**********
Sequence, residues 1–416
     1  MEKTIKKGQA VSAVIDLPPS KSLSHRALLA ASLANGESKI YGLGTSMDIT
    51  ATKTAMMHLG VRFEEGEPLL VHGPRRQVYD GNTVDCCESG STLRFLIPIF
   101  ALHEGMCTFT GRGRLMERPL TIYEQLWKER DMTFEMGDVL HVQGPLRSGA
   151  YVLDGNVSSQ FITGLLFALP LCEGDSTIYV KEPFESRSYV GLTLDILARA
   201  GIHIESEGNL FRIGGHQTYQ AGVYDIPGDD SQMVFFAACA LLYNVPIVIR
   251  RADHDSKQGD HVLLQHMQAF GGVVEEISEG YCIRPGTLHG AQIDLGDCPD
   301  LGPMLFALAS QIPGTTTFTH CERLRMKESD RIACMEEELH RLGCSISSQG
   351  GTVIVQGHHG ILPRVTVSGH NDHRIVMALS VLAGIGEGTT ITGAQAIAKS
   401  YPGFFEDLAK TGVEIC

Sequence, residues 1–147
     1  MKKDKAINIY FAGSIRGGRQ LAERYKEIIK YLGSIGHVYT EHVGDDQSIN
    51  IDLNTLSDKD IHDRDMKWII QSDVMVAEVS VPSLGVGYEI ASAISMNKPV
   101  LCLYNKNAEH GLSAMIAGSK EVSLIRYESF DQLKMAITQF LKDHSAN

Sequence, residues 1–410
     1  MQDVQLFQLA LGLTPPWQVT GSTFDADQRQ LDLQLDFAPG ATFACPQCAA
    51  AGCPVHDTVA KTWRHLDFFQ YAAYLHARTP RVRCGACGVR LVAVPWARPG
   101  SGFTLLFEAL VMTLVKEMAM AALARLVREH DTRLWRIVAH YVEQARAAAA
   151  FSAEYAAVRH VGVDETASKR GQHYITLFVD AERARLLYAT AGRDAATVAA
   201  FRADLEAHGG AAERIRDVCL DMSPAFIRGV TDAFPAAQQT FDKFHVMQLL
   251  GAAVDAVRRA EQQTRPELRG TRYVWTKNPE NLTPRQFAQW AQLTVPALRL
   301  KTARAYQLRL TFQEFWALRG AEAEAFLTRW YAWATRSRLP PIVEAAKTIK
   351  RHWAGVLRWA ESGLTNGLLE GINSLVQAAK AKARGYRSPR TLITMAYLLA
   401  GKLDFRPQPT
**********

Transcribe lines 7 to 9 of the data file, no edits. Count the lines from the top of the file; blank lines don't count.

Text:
   251  RADHDSKQGD HVLLQHMQAF GGVVEEISEG YCIRPGTLHG AQIDLGDCPD
   301  LGPMLFALAS QIPGTTTFTH CERLRMKESD RIACMEEELH RLGCSISSQG
   351  GTVIVQGHHG ILPRVTVSGH NDHRIVMALS VLAGIGEGTT ITGAQAIAKS